There are hawks of war, dogs of war and, alas, as always, the jackals of war. You can see them coming with their lazy eyes, cackling grins, bloody lips and long teeth. The eve of war is literally an electric time, pregnant with fear, hope, edgy eagerness, uncertainty and manic energy. You’ll always find people who want to grab some of that swirling energy and exploit it for some cynical purpose. Like Speaker of the House Dennis Hastert, it would seem.
As you know, a few days ago Senate Minority Tom Daschle told a union audience that he regretted that the president had “failed so miserably at diplomacy that weâre now forced to war.”
This was an uncharacteristically frank remark from a congressional leader on the eve of war. But it has the saving grace of being true — which is always a nice thing. I don’t know that better diplomacy would have avoided war. But it’s unquestionably true that the president’s repeated diplomatic foul-ups, goofs and course-corrections got us into a very bad situation and forced us into war on a very poor geo-political footing. I’m extremely happy to see that Daschle has crisply refused to retreat from that statement one bit.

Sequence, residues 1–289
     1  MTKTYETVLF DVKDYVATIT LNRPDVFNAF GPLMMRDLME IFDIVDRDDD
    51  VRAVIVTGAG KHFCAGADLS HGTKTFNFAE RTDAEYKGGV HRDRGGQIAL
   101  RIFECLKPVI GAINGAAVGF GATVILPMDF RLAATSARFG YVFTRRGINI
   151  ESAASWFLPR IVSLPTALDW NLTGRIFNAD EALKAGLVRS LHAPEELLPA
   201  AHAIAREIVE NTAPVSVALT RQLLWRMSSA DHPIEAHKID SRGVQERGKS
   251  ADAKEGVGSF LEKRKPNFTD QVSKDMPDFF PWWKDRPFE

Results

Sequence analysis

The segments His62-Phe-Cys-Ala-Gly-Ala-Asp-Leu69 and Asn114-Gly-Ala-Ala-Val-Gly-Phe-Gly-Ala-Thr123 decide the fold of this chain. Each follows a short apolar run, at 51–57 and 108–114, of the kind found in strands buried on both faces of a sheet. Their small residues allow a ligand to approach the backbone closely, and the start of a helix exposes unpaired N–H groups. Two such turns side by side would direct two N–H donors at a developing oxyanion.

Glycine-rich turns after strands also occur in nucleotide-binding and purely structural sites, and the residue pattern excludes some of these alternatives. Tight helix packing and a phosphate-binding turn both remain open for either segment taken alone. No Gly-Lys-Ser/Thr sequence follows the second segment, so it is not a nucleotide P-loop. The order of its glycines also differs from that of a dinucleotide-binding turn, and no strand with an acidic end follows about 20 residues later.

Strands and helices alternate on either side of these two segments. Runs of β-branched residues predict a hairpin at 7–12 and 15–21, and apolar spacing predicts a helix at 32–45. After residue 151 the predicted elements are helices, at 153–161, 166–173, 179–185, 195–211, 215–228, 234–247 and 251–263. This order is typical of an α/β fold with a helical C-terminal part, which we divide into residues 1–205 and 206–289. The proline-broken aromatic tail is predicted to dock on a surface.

That is especially so in the face of opportunistic grabs from across the aisle. There have been all manner of nasty comments from Republicans, criticizing Daschle, calling on him to apologize, and so forth. And that’s fine. Anyone can criticize, just as Daschle has criticized the president. (We won’t even get into the fact that many of these self-same Republicans said almost identical things when Bill Clinton sent American troops into battle.) But then comes Dennis Hastert, head of operations in the other body, who says that Daschle’s “comments may not undermine the president as he leads us into war, and they may not give comfort to our adversaries, but they come mighty close.”
Like I said, he’s pulling some of that awful energy out of the air and using it to score a few cheap points — the Speaker of the House suggesting that the Democratic leader in the other body may be giving aid and comfort to the enemy. Almost needless to say, Senator Daschle is a Vietnam-era vet, Air Force intelligence, if I remember correctly. Hastert, during the same years, was otherwise occupied.